I’ve spent my life disliking my appearance. I was too tall, too chubby, slightly knock-kneed. My torso was too short. My boobs too small. My hair was too frizzy and too thin. I saw the cellulite and tummy as proof of my inability to control my diet, my lack of self-discipline, my total uselessness. In my early twenties, I flirted with eating disorders, abusing laxatives, binge eating, starving myself until I was dizzy. My idols were Kate Middleton, Nicole Kidman and ballerinas. Waif-like, thin women. Women whose body types I will never resemble, because I was born with junk in my trunk, and I have an athletic build. No amount of starvation (regardless of self-discipline) will ever turn my body into this:or this: Then I met Coach, who calls me an Amazon. He’s always called me an Amazon, when I weighed 25lbs more than I do now, and when I weighed 10lbs less. He also calls all the girls in the competitive team Amazons. Some of us fight in the <51kg category, some of us fight in the >81kg category. Some of us are shorties (5’2”) and some of us are tall (me at 5’9”). We are ALL Amazons, because Coach defines an Amazon as a strong, confident woman, who knows exactly how awesome she is, and expects everyone to find her as fabulous as she finds herself. She owns any room she walks into and people are drawn to her self-assurance. The only physical attribute that is part of Coach’s definition of an attractive Amazon is strength; her strength makes her an equal partner and ally to any man. Her strength and her confidence are what make her attractive; the details of her physical appearance are irrelevant.
I had another watershed moment due to Beaut. While he enjoys athletic girls, he also enjoys women with a voluptuous body. He posted this video one day on his fbk.
I was taken aback by two things:
- How many of his male friends clearly drooled over this video. They were rather explicit in their appreciative comments. I had always assumed that men shared the same definition of sexy as I did. WRONG.
- Just how attractive I found the model Ashley Graham, even though she does not, in any way, resemble my ideal woman. She struts her stuff with absolute confidence. She is SO sexy. Unconsciously, I had always assumed that if I had body issues (due to my inability to conform to my desired, rigid body esthetic), that any woman who deviated even more than me from that esthetic must have proportionately more body issues. I had NEVER considered, in all my 31 years, that it was possible that multiple esthetics could be sexy. That perhaps attractiveness can best be defined as an enjoyment of one’s own body. Pretty sure Ashley Graham meets Coach’s definition of an Amazon.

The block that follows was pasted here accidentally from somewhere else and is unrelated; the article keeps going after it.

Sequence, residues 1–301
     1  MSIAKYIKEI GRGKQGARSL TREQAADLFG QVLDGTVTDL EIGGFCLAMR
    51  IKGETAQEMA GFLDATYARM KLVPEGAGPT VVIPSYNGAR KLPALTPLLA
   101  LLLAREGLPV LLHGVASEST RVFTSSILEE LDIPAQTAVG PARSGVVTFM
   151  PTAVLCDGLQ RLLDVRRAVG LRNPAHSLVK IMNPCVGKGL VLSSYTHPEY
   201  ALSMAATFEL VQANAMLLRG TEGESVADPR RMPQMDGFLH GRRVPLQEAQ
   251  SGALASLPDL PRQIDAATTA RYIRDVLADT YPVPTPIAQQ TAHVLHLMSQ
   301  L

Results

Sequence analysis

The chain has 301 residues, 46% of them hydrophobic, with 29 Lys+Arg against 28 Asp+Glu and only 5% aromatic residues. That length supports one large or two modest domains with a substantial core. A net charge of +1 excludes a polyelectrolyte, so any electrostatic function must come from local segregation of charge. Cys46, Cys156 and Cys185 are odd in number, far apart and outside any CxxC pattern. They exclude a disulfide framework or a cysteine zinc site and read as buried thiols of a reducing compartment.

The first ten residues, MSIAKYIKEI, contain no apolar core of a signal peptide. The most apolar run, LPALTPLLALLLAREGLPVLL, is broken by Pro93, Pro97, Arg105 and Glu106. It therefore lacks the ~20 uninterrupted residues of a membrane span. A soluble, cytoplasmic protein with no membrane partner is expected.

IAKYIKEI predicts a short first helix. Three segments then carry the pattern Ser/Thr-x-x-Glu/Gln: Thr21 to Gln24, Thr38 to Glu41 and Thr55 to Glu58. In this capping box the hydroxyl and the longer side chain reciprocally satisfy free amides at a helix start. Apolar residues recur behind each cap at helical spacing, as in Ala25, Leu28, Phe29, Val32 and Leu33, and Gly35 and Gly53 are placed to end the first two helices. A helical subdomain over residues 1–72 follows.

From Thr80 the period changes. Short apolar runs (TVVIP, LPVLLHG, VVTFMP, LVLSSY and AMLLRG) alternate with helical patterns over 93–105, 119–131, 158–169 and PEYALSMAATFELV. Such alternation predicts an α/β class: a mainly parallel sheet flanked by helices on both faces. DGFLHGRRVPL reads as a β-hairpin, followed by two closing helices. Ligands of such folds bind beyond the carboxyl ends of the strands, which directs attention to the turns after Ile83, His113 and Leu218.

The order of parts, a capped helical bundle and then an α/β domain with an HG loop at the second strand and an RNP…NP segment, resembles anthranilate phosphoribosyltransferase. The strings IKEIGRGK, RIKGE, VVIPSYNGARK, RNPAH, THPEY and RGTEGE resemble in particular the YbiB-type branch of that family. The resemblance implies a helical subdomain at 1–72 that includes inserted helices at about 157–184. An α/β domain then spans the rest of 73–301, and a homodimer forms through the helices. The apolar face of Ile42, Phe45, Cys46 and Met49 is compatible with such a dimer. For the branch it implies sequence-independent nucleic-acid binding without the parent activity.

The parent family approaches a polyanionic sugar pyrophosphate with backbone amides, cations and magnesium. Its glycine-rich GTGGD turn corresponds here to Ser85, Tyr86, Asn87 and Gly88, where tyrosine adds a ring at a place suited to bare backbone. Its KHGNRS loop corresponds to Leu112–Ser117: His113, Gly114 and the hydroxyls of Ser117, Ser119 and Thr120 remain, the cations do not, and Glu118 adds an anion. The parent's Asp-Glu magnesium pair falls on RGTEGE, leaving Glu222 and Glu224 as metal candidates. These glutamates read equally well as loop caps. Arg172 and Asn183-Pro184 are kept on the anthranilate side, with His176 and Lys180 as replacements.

Lately, I’ve reached a point where I am proud of my body. Partly because I have worked extremely hard to get close to my optimal fighting weight (which is 12lbs heavier than the weight I always arbitrarily deemed to be my “ideal” weight), and as a result I am much fitter, faster and stronger. For the first time in my life, I almost feel like an athlete. I am more concerned with what my body can DO, how much I can deadlift, how long I can run, how hard I can punch, how mobile I am in the ring, how well I can sustain my cardio through sparring, than with how my body LOOKS. I am proud of my body, for how far it’s come functionally, and my physique is one perk that I definitely don’t complain about. My relationship with food has significantly improved as well: I eat to make my body feel better. Sometimes (at least once a week) that means eating chocolate and french fries. Often, however, it means meat and veggies – not because I want to be thin, but because those foods make my body feel strong and light, and help me recover from my workouts. Eating a diet filled with artificial chemicals, salt, grease, alcohol and sugars makes my body feel bloated, sore and farty. Not sexy, or fun, and definitely a problem in the ring.
I feel beautiful, even though I can still see the imperfections in my body: my crooked nose, thin hair, thick arms, short torso, knock knees, cellulite and scars are all still there, and will always be there. I recognize that my body does not conform to my personal preferred esthetic of beauty. I am aware (thanks to the male gender’s propensity to freely comment on my, and other women’s, appearance) that my look will not appeal universally to all men. But here is the thing: I no longer care. I love my body, and that is enough.